If your dreams, ideals, and goals seem to change all the time, you may be in a state of flux — but what exactly does the word flux mean, and where did it come from? We’ll tell you.
In this post, we’re exploring the world of terminology to uncover all there is to know about the word flux (/flʌks/). So if you’ve ever been curious about the meaning and proper usage of this interesting term, keep reading.
What Is the Definition of Flux?
As per the Collins English Dictionary, flux (pronounced fluhks) can be used as either a verb or a noun. Let’s look over its various meanings and uses, which you will find below:
- Noun (used primarily in relation to Metallurgy and Chemistry) — A substance that one uses to remove oxides as well as to prevent further oxidation that may occur, usually in relation to hot-dip coating or soldering.
- Noun — Fusion
- Noun (used in relation to physics) — The rate of flow of energy, particles, or fluid; for instance, radiation flux, neutron flux, and/or luminous flux
- Noun (used primarily in relation to Metallurgy and Chemistry) — An additive that generally improves the flow of plastics when something is manufactured
- Noun — Flow or simply flowing
- Noun — Continuous movement, change, or passage
- Noun (used in relation to medicine) — The discharge of abnormal quantities of fluid material that is excreted from the body; more often than not, used in relation to the discharge of watery like feces (such as; dysentery or diarrhea)
- Noun — (used in relation to physics) the number of changes in energy flow across a given surface per unit area; for instance, magnetic flux and/or electric flux
- Intransitive Verb — To flow
- Transitive Verb — To fuse through the use of flux
- Transitive Verb — To make fluid and/or to melt
What Is the Origin of Flux?
First noted between 1350-1400, the Middle English Flux is a derivative of the Latin fluxus (meaning flow) and the past participle of fluere, which means “to flow.”
What Are the Synonyms and Antonyms of Flux?
Now that you understand what the word flux means, let’s take a look at a few synonyms and antonyms, shall we?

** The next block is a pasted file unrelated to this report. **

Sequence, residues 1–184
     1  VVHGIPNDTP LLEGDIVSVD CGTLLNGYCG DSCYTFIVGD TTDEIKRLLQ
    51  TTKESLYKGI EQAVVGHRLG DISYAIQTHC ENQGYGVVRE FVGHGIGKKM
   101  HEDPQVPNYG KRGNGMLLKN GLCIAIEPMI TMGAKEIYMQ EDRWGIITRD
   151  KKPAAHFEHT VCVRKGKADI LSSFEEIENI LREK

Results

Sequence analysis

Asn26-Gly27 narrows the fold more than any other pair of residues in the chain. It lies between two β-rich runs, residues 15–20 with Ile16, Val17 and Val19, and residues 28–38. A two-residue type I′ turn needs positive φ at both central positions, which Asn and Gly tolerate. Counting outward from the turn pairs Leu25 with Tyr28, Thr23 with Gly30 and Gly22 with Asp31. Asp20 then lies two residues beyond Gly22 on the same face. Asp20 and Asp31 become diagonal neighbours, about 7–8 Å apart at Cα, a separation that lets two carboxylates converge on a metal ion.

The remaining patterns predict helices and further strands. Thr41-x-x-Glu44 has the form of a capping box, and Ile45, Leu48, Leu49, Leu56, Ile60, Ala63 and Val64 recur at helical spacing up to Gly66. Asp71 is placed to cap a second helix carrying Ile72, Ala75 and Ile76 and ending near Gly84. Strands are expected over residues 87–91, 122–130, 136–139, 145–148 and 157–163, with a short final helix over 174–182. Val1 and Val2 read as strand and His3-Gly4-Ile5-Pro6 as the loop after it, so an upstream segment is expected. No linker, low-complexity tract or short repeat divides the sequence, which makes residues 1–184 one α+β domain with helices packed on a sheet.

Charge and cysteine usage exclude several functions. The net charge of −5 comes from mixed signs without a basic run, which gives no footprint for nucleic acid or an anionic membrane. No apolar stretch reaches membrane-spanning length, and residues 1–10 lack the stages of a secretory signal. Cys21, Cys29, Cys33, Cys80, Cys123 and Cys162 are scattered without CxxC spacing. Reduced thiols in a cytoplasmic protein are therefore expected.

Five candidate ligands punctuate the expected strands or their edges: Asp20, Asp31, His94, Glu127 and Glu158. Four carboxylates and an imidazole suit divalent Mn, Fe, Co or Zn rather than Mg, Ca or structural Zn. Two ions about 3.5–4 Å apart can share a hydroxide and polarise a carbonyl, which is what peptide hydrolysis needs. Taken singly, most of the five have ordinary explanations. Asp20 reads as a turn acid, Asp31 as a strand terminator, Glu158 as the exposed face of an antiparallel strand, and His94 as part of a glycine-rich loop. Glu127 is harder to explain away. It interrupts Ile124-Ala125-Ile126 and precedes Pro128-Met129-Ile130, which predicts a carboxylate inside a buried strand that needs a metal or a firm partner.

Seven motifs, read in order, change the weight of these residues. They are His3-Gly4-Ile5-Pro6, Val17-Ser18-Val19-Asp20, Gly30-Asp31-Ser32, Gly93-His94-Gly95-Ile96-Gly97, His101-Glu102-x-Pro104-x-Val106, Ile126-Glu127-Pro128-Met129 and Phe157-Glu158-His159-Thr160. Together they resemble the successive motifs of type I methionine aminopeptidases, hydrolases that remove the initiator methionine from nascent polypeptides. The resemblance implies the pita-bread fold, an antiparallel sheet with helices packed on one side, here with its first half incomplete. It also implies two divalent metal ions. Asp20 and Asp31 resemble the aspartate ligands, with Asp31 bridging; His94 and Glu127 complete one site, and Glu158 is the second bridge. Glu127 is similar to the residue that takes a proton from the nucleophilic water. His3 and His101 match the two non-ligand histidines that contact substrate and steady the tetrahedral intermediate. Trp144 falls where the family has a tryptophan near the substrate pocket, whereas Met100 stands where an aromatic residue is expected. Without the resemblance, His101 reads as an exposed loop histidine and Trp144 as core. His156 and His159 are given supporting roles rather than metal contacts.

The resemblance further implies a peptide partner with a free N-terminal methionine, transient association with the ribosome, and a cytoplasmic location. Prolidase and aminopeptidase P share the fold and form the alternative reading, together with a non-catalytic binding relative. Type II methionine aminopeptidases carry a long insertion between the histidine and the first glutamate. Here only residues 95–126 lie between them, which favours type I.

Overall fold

In short, a synonym is a word that means nearly or exactly the same as another word, whereas an antonym is a word of the opposite meaning.
Synonyms of Flux
- State of flux
- Magnetic flux
- Rise and fall
- Continuous change
- Rapid change
- Emotional rollercoaster
- Magnetic field
- Flux density
- Ebb and flow
- To and fro
- Adding in
- Loose motions
- Delhi belly
- The runs
- Loose bowels
- Loose stools
- Turning around
- Bowel movement
- Moving forward
- Thaw out
- Break down
- Give in
- Become a solution
Antonyms of Flux
- Absence of movement
- Enduring nature
- Lack of progress
- Lasting nature
How Can You Use Flux in a Sentence?
By now, you likely understand that our word of the day describes something that constantly changes — but do you know how to use it in a sentence?
No worries; we’ve compiled a short list of sentence examples for you to study below:
Today was such an exciting day; we received hands-on training on the use of heat flux sensors and how they are used to measure the rate of heat flow — much better than our average day of textbook learning!
If you ask me, I think just about everyone can agree that this year has been one of flux.
New mobile phones are introduced to the market on a seemingly daily basis, due primarily to the fact that mobile phone technology is in flux.
Timmy said there is still some flux in the race.
After the passing of my mother, everything has been in a state of flux.
Our guest list for the wedding is in a constant state of flux, as we try to lower the headcount but then get reminded of family members we must include.
My mood swings have been fluctuating so much lately, that I think it’s safe to say my hormones are in a state of flux at the moment.
What Are Translations of Flux?
Did you know that the word flux can be said in more ways than one? Yup, it’s true — here are some common translations of flux:
- Afrikaans — Vloei
- Arabic — تدفق
- Bulgarian — тека
- Chinese (simplified) — 流
- Croatian — teći
- Czech — téct
- American English —
- Danish — strøm
- Dutch — vloeien
- Finnish — virtaus
- French — flux
- German — Fluss
- Greek — ρέω
- Italian — fluire
- Japanese — 流れる
- British English —
- Korean — 흐름
- Norwegian — flyte
- Polish — płynąć
- Portuguese — fluir
- Russian — течь
- Serbo-Croatian — fluks
- Spanish — fluir
- Swedish — rinna
- Thai — ไหล
- Turkish — akmak
- Ukrainian — текти
- Vietnamese — chảy
In short, the noun flux is most commonly used to describe something that is constantly changing but, as we discussed, is used in a variety of fields, with a few slightly varying meanings.
As such, it is always best to use proper context to not confuse any of your peers, friends, or family members when using your newfound knowledge on the noun flux.
Flux definition and meaning | Collins English Dictionary
FLUX English Definition and Meaning | Lexico.com